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Numéro de publicationUS20090324721 A1
Type de publicationDemande
Numéro de demandeUS 12/496,060
Date de publication31 déc. 2009
Date de dépôt1 juil. 2009
Date de priorité23 sept. 1996
Autre référence de publicationCA2671115A1, EP2196193A1, EP2196193B1
Numéro de publication12496060, 496060, US 2009/0324721 A1, US 2009/324721 A1, US 20090324721 A1, US 20090324721A1, US 2009324721 A1, US 2009324721A1, US-A1-20090324721, US-A1-2009324721, US2009/0324721A1, US2009/324721A1, US20090324721 A1, US20090324721A1, US2009324721 A1, US2009324721A1
InventeursJack Kennedy, Ferass Abuzaina, Steven Bennett, Ahmad Robert Hadba
Cessionnaire d'origineJack Kennedy, Ferass Abuzaina, Steven Bennett, Ahmad Robert Hadba
Exporter la citationBiBTeX, EndNote, RefMan
Liens externes: USPTO, Cession USPTO, Espacenet
Hydrogels Suitable For Use In Polyp Removal
US 20090324721 A1
Résumé
Biocompatible crosslinked polymers, and methods for their preparation and use, are disclosed in which the biocompatible crosslinked polymers are formed from water soluble precursors having electrophilic and nucleophilic functional groups capable of reacting and crosslinking in situ. Methods for making the resulting biocompatible crosslinked polymers biodegradable, or not, are provided, as are methods for controlling the rate of degradation. The crosslinking reactions may be carried out in situ on organs or tissues or outside the body. In embodiments, the biocompatible crosslinked polymers and/or their precursors may be utilized in a surgical procedure, such as a polypectomy.
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Revendications(30)
1. A method comprising:
introducing into tissue comprising submucosa of a polyp a composition comprising a biocompatible small molecule crosslinker with a molecular weight of 2000 or less, the crosslinker having n crosslinker functional groups, wherein n is two or more, and wherein the crosslinker functional groups are either electrophilic or nucleophilic, in combination with a synthetic biocompatible functional polymer with a molecular weight of at least about 7 times more than the crosslinker, the functional polymer having m functional polymer functional groups, wherein m is two or more and the sum of n and m is five or more, and wherein the functional polymer functional groups are nucleophilic if the crosslinker functional groups are electrophilic, and the functional polymer functional groups are electrophilic if the crosslinker functional groups are nucleophilic;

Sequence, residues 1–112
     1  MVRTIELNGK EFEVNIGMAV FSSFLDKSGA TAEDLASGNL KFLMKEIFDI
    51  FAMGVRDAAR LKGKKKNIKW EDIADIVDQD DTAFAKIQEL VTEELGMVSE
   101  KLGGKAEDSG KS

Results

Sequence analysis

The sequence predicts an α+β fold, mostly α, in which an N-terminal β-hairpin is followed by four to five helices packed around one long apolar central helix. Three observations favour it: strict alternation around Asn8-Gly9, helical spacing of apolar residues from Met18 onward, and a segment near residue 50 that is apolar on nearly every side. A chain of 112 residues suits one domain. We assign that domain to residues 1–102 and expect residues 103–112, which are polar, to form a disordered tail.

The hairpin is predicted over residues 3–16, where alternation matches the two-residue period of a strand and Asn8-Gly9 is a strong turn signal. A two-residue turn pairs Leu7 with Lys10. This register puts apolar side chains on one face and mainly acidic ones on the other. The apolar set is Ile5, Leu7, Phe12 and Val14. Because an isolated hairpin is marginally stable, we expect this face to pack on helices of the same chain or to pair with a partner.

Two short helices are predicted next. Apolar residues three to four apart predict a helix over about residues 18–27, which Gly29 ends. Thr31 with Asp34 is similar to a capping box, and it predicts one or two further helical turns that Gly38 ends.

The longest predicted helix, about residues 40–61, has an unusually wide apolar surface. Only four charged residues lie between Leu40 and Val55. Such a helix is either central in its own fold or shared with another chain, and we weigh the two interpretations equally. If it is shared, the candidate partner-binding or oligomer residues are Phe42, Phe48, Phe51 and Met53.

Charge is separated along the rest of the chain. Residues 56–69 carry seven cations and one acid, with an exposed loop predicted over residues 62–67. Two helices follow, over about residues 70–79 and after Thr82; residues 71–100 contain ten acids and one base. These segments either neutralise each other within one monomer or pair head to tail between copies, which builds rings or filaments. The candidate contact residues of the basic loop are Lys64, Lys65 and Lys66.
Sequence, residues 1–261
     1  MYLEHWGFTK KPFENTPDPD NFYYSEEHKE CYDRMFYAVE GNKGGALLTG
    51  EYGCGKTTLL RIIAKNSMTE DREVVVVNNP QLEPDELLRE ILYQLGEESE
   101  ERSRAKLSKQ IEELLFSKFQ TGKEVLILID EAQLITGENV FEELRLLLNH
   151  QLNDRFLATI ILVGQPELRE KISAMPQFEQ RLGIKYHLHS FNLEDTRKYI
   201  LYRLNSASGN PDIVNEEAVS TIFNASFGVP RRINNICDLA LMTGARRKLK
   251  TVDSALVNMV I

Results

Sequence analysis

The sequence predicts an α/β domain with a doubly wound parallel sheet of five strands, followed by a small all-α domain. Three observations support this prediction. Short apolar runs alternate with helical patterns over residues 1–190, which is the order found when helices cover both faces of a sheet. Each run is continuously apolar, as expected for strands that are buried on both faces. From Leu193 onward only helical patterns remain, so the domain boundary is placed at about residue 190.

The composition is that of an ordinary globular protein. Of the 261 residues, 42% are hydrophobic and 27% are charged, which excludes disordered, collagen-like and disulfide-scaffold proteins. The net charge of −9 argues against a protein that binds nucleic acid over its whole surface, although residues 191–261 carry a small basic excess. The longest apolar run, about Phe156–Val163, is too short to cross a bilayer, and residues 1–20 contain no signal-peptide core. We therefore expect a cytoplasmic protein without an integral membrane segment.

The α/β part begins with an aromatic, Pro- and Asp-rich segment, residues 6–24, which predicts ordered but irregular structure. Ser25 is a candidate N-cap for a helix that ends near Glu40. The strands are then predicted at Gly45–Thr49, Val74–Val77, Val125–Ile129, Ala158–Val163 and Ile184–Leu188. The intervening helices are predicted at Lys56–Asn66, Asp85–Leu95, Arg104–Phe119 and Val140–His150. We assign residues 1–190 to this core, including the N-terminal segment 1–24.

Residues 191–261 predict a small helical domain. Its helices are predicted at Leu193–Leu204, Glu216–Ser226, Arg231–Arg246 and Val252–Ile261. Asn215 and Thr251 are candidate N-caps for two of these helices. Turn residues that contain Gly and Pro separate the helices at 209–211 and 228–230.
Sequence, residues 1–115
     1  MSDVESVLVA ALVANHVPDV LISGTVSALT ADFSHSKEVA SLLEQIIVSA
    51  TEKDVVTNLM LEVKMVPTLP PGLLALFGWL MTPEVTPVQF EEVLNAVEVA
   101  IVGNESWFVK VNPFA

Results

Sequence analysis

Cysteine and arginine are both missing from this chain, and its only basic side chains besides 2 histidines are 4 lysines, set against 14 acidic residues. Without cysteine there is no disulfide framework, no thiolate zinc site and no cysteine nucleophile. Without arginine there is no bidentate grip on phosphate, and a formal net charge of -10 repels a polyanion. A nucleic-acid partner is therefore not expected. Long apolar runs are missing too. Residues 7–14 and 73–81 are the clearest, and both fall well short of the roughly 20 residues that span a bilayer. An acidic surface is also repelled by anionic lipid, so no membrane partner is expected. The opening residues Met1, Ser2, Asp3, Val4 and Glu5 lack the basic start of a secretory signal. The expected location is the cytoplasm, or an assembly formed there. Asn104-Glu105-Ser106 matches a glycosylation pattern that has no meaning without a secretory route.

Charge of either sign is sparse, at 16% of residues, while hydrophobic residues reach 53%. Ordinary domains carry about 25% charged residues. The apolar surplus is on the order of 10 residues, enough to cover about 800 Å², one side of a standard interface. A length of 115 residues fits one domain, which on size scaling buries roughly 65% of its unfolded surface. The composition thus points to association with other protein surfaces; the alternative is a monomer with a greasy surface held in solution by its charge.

permitting the crosslinker and functional polymer to react in the submucosa of the polyp to form a hydrogel; and
removing the polyp.
2. The method of claim 1, wherein providing a biocompatible small molecule crosslinker further comprises providing a biocompatible small molecule crosslinker having a solubility of at least 1 g/100 ml in an aqueous solution.
3. The method of claim 1, wherein providing a biocompatible small molecule crosslinker further comprises providing a biocompatible small molecule crosslinker having crosslinker functional groups that are electrophilic.
4. The method of claim 3, wherein providing a biocompatible small molecule crosslinker having crosslinker functional groups that are electrophilic further comprises providing a biocompatible small molecule crosslinker wherein the electrophilic crosslinker functional groups are N-hydroxysuccinimide-based crosslinker groups.